When people have more money than common sense, they will spend obscene amounts on their dogs. I’m not talking about those who send their canine kids to doggy daycare daily, or even those who buy designer collars that cost more than all of my jewelry combined. I’m talking about the kind of rich people who take the unethical route: They clone their dog. For so long, cloning was just science fiction, but now, if you have enough disposable income, it can be a reality.
I have to ask: Why would anyone want to do this?
Going viral on the Internet late last year was the story of Laura Jacques and Richard Remde, a couple from the United Kingdom who spent about $100,000 to clone their boxer, Dylan, who died of brain cancer. My first thoughts were about how many shelter dogs that money could have helped, but then I started to think more about the ethics of the situation.
I love my dogs — like to an obsessive and obscene degree. I’m one of those people who thinks of my dogs as my children and plans vacations around what I think they will enjoy. I’m constantly showing off pictures of my canine kids, and I even have them tattooed on my body. My dogs are incredibly special beings, but I would never even think about cloning them.
In reality, cloning is nothing like how it appears in cartoons. At the end of the process, there isn’t a fully formed adult dog who steps out of a “cloning machine,” looking and acting just like the original. When Dylan died on June 30, 2015, the couple began the cloning process. They had his cells harvested (I don’t even want to know what that looks like), flew the cells to South Korea, handed them off to staff members of the Sooam Biotech Research Foundation at the airport, and then flew back to the UK. They had to do this again after the first cells were found not to be viable for cloning. The couple flew again to South Korea for the birth of two cloned Boxer puppies, delivered via C-section with markings similar to Dylan’s.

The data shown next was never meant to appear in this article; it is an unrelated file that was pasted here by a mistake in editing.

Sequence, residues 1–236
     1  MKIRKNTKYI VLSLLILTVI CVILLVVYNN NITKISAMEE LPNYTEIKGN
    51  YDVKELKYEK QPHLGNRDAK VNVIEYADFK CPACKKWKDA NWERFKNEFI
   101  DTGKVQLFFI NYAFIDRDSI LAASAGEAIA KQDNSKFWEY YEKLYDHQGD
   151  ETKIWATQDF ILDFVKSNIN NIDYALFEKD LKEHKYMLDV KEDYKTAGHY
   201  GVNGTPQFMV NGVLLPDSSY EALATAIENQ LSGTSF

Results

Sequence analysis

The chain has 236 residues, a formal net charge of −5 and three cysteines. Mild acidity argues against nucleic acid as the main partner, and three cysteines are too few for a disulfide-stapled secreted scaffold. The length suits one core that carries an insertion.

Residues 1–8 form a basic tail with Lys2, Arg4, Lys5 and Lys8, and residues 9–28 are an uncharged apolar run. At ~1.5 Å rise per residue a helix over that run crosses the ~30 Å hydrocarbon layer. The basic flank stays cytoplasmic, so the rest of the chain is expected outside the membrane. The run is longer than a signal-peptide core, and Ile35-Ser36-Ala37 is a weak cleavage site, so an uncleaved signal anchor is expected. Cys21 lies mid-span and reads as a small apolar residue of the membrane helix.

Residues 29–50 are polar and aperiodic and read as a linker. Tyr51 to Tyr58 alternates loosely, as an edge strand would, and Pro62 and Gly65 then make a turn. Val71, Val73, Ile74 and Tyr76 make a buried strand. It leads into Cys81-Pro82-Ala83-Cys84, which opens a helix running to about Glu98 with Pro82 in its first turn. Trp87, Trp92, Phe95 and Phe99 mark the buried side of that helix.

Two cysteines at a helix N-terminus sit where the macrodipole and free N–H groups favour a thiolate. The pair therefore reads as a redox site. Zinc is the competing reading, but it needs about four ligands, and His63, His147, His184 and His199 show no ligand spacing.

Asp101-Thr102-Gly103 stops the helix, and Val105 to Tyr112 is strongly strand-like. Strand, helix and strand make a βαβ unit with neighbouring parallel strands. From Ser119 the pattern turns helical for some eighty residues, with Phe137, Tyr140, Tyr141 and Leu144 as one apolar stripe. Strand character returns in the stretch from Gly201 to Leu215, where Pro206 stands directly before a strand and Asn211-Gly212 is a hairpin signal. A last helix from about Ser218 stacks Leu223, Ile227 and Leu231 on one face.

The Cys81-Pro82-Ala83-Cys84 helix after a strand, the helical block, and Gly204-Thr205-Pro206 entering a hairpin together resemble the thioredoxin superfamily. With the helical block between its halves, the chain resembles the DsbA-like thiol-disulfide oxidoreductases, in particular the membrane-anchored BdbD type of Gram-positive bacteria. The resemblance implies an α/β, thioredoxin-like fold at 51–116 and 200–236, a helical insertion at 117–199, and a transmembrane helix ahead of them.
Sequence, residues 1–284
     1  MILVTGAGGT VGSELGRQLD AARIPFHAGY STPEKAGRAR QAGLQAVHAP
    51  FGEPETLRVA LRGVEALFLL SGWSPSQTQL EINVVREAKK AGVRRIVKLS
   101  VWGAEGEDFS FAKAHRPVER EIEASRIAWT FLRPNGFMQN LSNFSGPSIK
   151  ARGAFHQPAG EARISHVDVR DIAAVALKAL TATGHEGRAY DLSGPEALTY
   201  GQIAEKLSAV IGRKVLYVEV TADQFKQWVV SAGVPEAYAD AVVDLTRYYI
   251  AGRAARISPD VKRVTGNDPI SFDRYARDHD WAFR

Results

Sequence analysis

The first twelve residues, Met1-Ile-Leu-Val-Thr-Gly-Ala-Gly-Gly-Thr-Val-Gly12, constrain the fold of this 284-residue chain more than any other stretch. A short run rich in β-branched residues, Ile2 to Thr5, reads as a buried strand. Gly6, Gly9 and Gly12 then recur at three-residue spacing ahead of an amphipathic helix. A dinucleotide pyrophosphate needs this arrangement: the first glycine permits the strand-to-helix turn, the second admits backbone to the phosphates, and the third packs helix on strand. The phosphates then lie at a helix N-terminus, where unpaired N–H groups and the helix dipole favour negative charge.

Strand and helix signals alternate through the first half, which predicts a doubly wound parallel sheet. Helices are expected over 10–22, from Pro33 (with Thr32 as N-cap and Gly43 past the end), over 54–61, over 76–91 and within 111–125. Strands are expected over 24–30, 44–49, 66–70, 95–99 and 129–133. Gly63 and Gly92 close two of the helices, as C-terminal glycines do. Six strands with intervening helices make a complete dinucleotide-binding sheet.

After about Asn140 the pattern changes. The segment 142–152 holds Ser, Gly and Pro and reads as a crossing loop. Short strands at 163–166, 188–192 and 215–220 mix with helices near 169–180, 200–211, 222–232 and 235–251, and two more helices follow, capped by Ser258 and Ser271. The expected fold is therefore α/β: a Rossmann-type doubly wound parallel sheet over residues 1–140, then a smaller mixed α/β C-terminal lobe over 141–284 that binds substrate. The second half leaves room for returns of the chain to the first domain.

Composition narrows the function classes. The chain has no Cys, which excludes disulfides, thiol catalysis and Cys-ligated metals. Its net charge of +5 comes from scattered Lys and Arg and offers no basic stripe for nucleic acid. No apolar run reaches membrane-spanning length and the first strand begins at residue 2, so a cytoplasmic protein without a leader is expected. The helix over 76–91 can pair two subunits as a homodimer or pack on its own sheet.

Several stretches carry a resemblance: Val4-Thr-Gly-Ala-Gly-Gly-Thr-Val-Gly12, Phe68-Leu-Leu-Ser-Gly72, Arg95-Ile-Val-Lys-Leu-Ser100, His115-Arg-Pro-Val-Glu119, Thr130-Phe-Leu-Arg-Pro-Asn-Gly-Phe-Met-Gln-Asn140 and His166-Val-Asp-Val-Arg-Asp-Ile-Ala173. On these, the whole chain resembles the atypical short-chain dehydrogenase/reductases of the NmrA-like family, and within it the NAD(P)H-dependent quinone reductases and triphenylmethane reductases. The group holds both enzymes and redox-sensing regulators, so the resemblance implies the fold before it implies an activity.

One of the hardest things about parenting dogs is knowing that their lives are so much shorter than ours and making the best possible end-of-life decisions for them, putting their welfare above our own fear of losing them. Similarly, when the time is right to bring another dog into our family, we must be fair to that dog. We must treat him like the individual he is and not expect him to be like a beloved dog who died. To a very extreme extent, this couple has not honored that commitment. They aren’t just expecting the new puppies to act the same as Dylan; they are expecting them to BE him. This is unfair to the puppies, who are unable to have their own lives, and it’s disrespectful to the memory of Dylan!
I think it goes without saying that I will be devastated when my beloved dogs pass away, but even if cloning were to become economically reasonable (really, who has $100,000 lying around?), I would never do it. Part of the beauty of a life with dogs comes from the joy of learning and bonding with a new pet, not trying to simply replicate the same bond you had with a past beloved pup.
This British couple isn’t alone in their desire: To date, Sooam claims 700 customers have had their dogs cloned. What about you, would you clone your dog if you could afford to?
Read more about dog cloning:
About the author: Sassafras Lowrey is a dog-obsessed author based in Brooklyn. She is the winner of the 2013 Berzon Emerging Writer Award from the Lambda Literary Foundation, and her latest novel Lost Boi was released in April. Sassafras is a certified trick dog instructor, and she assists with dog agility classes. Sassafras lives with her partner, two dogs of dramatically different sizes, two bossy cats, and a semi-feral kitten. She is always on the lookout for adventures with her canine pack.